Understanding the Counselor: Knowing What We Bring to the Table

When my kids spilled a drink at the table, I used to get so mad! It was super frustrating to me. A few years back, I started to ask, why do I get so mad at that? After all, I have seven kids. It’s kind of part of the deal. In fact, at one point, we had six kids aged seven and under. The odds of drinks being spilled were extremely high. Moreover, if the drink spilled, we could simply clean it up with a towel. It really wouldn’t hurt anything. Why did it bother me so much?

For a long time, I had a hard time figuring that out. I really didn’t know what story I was telling myself. I couldn’t figure it out, but I knew that it was dumb. So, I made the effort to try and not get so mad at spilled drinks. I decided that I would not get angry any longer when drinks were spilled at the table. I would just get a towel and clean up the mess. It was hard. I had to check myself regularly, but I made progress, even though I really didn’t know why I reacted so strongly to these things.

It’s amazing how hard it can be to understand ourselves. It takes a lot of work. Yet, when we try to help others, we are bringing ourselves to the table. Our emotional life will have a strong effect on the way we counsel others.

How does this work out? Let me give a couple of examples. Imagine a strong extrovert, someone who loves to get out there and talk to people. Now, let’s say that someone who is also an extrovert comes and complains about someone who doesn’t want to go out and prefers a lot of quiet and time at home. Without self-consciousness, it’s easy for the extrovert to just join the side of the other extrovert. “I can’t believe people are like that,” he might say.

Or imagine someone who has had a lot of really bad relationships in his dating life. When someone comes and talks about their relationships, he will easily react negatively to what he hears. This may color his advice, and it may not actually reflect reality. He may view dating relationships much more suspiciously than he should.

That’s the sort of thing that we need to figure out. We need to know how we see the world and react to it. We want to help other people in a way that is in accord with reality not our imagination.

Here are a couple of ways to think about this.

Personality Tests
One simple way is to do a personality test. I’m not convinced that any of the personality tests represent exactly the tendencies in our nature, but they do help us process our own tendencies. Some options to do this are Jordan Peterson’s personality test, Myers-Briggs Type Indicator, or the Enneagram.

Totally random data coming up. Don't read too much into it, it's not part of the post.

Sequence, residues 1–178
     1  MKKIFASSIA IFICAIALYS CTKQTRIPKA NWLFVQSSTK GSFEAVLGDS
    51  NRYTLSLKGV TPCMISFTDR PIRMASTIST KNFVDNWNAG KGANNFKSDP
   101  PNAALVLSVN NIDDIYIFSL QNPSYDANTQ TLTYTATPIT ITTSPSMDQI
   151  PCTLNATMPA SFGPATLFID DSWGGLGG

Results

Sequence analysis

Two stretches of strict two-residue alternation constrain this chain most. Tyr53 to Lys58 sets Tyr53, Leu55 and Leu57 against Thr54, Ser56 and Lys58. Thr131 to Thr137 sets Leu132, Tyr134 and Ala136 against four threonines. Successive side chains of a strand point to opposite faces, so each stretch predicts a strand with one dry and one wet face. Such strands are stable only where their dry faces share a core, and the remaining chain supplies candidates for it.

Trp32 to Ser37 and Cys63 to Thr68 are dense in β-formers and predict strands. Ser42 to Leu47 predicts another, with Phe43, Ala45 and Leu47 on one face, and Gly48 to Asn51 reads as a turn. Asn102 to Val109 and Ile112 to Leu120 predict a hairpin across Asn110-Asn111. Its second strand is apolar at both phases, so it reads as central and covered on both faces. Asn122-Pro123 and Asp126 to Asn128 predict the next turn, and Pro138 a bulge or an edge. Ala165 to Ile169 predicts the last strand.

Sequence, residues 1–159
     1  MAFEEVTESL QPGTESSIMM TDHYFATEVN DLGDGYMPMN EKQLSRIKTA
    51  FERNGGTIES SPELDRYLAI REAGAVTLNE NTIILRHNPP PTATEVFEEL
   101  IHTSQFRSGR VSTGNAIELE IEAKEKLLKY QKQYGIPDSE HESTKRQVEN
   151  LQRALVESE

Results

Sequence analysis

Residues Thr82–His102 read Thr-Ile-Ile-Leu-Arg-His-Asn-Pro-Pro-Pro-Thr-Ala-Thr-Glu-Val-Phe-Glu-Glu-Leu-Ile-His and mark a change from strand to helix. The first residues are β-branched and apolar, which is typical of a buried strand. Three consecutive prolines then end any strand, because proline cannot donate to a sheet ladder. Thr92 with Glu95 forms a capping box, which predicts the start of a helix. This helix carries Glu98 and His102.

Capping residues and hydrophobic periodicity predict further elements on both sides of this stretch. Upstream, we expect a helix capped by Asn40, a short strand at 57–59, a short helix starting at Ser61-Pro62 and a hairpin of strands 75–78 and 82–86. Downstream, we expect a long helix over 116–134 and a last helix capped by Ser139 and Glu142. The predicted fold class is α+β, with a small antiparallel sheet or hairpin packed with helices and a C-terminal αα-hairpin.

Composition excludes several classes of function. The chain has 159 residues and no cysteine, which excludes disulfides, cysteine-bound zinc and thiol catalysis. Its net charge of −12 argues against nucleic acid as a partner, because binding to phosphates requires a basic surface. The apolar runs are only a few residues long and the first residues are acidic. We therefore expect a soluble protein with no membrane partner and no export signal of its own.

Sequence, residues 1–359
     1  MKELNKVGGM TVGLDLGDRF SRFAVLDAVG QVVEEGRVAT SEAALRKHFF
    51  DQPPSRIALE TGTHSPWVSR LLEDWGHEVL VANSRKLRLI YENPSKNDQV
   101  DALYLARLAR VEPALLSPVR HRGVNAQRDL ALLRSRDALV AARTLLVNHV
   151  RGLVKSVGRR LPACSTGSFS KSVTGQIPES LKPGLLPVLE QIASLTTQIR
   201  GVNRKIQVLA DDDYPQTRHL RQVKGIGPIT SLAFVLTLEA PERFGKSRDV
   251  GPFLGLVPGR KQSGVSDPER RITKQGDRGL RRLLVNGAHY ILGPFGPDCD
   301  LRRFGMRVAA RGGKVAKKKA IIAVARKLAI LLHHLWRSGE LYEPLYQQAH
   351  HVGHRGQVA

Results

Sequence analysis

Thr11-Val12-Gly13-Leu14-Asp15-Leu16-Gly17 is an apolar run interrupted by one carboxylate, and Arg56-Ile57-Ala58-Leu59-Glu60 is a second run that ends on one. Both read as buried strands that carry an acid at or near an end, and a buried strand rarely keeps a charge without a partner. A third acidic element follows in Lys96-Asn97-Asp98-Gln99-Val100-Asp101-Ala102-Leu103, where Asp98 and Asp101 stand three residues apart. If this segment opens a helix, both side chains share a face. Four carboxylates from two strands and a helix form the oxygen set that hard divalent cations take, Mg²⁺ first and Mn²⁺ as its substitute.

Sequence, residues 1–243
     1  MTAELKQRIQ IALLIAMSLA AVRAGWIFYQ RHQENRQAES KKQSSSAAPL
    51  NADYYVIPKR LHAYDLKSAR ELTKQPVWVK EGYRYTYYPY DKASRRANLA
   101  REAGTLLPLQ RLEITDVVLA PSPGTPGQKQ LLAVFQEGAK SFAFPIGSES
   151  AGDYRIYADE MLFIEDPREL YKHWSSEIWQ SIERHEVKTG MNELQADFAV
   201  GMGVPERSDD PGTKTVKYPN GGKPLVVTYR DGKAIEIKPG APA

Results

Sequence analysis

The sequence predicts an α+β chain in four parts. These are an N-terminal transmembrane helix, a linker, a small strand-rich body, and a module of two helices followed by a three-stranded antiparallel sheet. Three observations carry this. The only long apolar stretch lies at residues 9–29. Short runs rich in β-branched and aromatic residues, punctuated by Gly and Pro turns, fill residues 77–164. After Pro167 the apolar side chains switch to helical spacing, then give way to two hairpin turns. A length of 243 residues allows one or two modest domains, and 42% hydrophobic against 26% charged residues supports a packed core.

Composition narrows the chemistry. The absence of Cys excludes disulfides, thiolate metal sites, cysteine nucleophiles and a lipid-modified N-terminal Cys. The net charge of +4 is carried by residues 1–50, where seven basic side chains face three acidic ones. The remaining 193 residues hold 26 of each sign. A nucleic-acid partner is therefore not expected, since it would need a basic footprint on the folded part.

I have personally found the Myers-Briggs particularly helpful. The distinction between the N and the S made sense to me. The N or Intuitive tends to be big picture. The S or Sensing tends to be more detail oriented. My N is the most extreme of the four polarities in my personality profile. So, if someone asks me how to get to Knife Works from Sevierville, I will say head north a few miles, and you’ll see it on your left.

These type of directions will not do for a strong S. My parents are strong on that side of the scale. They would often ask me questions, and I would give them a big picture answer. Then, they would keep asking me questions until they had the details that they wanted. In the past, I thought they were just trying to torture me. I realize now that this is just a different way of thinking about things. It has enabled me to be more patient, accept the differences, and even learn from them.

Here’s an example of how this knowledge paid off. One time a woman called the church asking for directions. I probably said something like, we meet in the campground about a mile south of the downtown. Like my parents, she continued to ask questions. In the past, I might have grown impatient. However, realizing that she was coming from a personality type closer to my parents, I walked through the details with her, giving them like I knew my Mom would want them. “You go three blocks. Then, you will pass the Sleep Inn and the Flapjacks. You turn right after the Flapjacks. Go about 1/4 of a mile down the hill. There you will see a sign pointing to the left. Turn left into the parking lot, and you are there. You will see a building on your left as you enter the parking lot. That is where we meet. Enter the doors, and someone will greet you. There are two doors inside the narthex. The side of our worship space is the door on the left.” I could tell from the conversation that this woman felt loved and cared for. She did come to church the next day with a big smile on her face. That’s how understanding our own tendencies can help us connect with and encourage others.